After the excitements of Toraja Land, the road (if you can call it that) wound its way through some of the most beautiful and unspoiled rainforests in Indonesia until finally arriving on the shores of Lake Poso. The lake area is very sparsely populated and is home to some very rare fauna. 67% of the species of the area are endemic and I'm sure there haven't been that many studies done so lots more new ones are bound to be discovered.

In the centre of Sulawesi (around Poso) the population is roughly half Christian half Moslem. The Moslems mainly immigrants from overpopulated Java. When I was there (1997), there was some unrest between the two groups but it was still safe to travel. However more recently (2005) the ethnic tension erupted, resulting in a number of deaths and a dangerous place for tourists.

lake poso lake poso

After Poso, and a number of inauspicious little towns, I arrived at Ampana and embarked on the ferry to the Togian Islands. It must be said it would have been rickety for a two or three hour journey - but this one was overnight. There was a bridge occupied by the captain and the first mate, but otherwise the passengers had to either find a piece of deck space or go in the hold and sit on the sacks of produce that were accompanying us. The following morning we arrived at Wakai -the only town of the Togians - and a wild west town it was. As there were four foreigners on board we were soon found by Mr. Big (that's what his business card said) and he convinced us to go on his outrigger canoe and stay at his Paradise bungalows on a nearby island. As it happens it wasn't misnamed - there were seven bungalows on a pristine white beach on a small island miles away from civilization.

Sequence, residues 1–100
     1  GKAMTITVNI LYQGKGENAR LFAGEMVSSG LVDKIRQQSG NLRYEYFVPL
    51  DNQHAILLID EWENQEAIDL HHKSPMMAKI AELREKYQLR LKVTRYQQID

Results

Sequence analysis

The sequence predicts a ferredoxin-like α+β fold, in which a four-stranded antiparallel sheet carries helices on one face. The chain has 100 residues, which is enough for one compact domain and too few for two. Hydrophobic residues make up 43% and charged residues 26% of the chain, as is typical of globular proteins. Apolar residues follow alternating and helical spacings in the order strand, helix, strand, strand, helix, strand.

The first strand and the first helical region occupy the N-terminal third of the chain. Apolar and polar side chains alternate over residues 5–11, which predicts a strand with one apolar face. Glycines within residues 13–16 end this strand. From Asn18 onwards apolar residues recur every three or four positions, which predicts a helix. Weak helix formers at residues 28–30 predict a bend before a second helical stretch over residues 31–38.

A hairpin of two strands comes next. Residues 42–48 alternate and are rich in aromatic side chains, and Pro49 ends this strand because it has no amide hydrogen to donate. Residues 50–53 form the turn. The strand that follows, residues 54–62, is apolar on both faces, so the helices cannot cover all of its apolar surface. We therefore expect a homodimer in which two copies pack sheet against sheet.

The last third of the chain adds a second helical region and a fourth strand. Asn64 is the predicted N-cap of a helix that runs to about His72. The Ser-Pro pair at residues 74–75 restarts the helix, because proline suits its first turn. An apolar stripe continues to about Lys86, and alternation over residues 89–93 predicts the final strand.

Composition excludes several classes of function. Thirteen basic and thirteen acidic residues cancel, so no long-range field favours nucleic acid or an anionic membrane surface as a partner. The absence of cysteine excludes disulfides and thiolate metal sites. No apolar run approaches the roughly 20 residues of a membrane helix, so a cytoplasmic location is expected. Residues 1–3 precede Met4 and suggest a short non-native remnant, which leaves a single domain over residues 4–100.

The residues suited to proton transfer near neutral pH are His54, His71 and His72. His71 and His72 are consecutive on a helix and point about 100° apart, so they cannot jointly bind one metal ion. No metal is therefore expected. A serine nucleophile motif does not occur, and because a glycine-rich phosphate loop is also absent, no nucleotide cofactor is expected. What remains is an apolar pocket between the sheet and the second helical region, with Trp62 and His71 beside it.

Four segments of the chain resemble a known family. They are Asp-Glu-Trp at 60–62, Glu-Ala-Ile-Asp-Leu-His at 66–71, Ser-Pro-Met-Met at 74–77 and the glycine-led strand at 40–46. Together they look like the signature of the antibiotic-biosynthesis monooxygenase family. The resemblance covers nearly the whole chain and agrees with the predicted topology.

Below is my 'paradise cottage' on Kadidiri Island

beach house kadadiri island

I spent a week on Kadidiri Island (there was only one ferry a week) - but I had a great time. I went diving - which despite the rudimentary safety conditions, was absolutely amazing - pristine waters and coral untouched by humans. Added to that there was a complete W.W.II bomber in 20 metres of water which looked fabulous. I also went exploring around the tiny island in a dug out canoe and visited the local sea gypsy village. (Below is a picture of the kids from there). We had one unwelcome visitor - a crocodile, which was fortunately captured and surprisngly, or so I thought, it was taken away to be released on a more outlying island.

Mr. Big's luxuriously appointed diveboat

sunset kadidiri island pier wakai island

Wakai jetty

After a week in paradise I was back on the ferry. This time I got to chat to the captain - a rather comical fellow who doesn't direct things from the bridge but sits in a high chair on the deck and directs things through a megaphone. But he is professional - after all he does have a captain's hat with an anchor on the front. He is very proud of his boat of course - it has all the modern requirements - compass, steering wheel and fairy lights strung around the bridge. I thought it best not to ask about a radio or life jackets never mind lifeboats. Anyway, it was another overnight journey and we headed off into the sunset with a pleasant breeze and soon I drifted off to sleep. I was rudely awakened however by a dangerous lurching of the boat. Fortunately we seemed to be close to the shore, and in actual fact we had hit a reef coming into a small port. By morning it had become apparent that our steering was broken. I went ashore and left the matter in the capable hands of the captain and his team. While ashore I took this photo of some kids playing football with the most amazing jungle backdrop. It took a surprisingly short amount of time to get things fixed and we were once again off into the open sea. Later on in the afternoon I was greatly relieved to spot land, but this was short lived as it became apparent that without any navigation instruments the captain really had no idea where we were. We therefore spent another four hours following the coast until we reached our final destination - the port of Gorontalo.